When I write stories or poems for publication, I rewrite and proofread, and rewrite and proofread, lather, rinse, repeat. Yes, I know this is publication, but not the same kind. I’ve decided this is the place where I will allow myself to be gloriously open and flawed. This is my arena for just getting my thoughts out there, and I hope I’m providing some value, even if it’s not perfect. Sometimes, when I look at someone else’s blog and see a mistake or two, I enjoy it even more, because I’m reminded there’s a human being behind it. There’s a connection there. I’d like to think it’s a reciprocal feeling, at least sometimes.

 

 

 

Let’s Be Purists

Here’s a phrase I’d like to see used only in its original context: “lowest common denominator.” I suggest we stick to purist principles and use these words only in relation to actual math problems. I’m feeling pretty done with hearing the expression applied to human beings, especially children. To be honest, I’ve used it myself in the past. But I’ve declared a personal moratorium on it.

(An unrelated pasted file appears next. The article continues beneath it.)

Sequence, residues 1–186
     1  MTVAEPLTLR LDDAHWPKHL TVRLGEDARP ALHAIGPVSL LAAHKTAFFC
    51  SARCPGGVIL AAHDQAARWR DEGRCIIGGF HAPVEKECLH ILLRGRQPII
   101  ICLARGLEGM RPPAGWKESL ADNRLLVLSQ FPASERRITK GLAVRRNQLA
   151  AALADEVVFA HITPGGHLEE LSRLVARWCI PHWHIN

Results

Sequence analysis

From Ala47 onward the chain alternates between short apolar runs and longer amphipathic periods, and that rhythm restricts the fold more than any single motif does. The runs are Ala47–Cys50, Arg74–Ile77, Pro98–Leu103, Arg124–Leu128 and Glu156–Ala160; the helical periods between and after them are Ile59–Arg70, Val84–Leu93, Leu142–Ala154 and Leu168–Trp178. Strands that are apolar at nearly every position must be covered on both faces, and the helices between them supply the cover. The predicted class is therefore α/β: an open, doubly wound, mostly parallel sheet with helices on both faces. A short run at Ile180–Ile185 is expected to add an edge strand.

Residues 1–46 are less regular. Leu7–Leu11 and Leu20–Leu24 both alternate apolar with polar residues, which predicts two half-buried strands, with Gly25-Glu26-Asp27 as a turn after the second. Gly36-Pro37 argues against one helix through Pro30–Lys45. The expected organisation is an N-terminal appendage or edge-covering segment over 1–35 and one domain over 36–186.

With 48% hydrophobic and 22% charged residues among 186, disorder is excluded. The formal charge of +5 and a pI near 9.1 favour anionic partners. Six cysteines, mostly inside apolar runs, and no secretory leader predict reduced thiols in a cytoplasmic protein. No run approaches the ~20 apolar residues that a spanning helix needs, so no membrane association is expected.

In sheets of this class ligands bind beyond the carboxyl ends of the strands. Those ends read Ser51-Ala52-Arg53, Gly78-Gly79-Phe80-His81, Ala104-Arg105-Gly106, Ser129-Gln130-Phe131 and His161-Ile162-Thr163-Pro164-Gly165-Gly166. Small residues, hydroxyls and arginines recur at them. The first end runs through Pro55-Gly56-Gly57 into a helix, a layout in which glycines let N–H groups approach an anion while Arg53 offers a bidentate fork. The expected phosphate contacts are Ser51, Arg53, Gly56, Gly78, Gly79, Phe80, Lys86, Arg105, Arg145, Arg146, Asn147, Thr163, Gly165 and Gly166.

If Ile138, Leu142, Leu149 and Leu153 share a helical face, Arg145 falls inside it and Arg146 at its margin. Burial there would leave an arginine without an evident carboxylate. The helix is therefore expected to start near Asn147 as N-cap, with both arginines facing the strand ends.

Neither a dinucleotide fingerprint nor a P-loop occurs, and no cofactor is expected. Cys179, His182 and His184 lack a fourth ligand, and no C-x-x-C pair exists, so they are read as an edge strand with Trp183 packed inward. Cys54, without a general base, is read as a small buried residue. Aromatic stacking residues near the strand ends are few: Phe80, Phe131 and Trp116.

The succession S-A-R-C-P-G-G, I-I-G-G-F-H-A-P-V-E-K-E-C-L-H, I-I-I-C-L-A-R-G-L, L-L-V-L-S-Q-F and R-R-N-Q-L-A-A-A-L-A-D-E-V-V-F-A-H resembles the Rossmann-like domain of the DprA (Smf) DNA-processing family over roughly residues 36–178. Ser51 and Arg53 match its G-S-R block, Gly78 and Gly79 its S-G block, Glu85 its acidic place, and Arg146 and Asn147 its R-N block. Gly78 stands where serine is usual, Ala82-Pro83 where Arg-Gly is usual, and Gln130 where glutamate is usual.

Think about it. That kid who is struggling with his reading – he’s a real person. He’s someone’s child. The girl who takes a few minutes longer than your kid to figure out the least common denominator in math class – she’s a human, and she’s good at something that some of the other kids aren’t. Every child, and every adult for that matter, struggles with something, and nobody wants to be ridiculed for it.

If I want my humanity recognized, I need to recognize it in others, and not use dismissive terms. Lowest Common Denominator, I hereby by banish you from the realm of humanity-describing adjectives.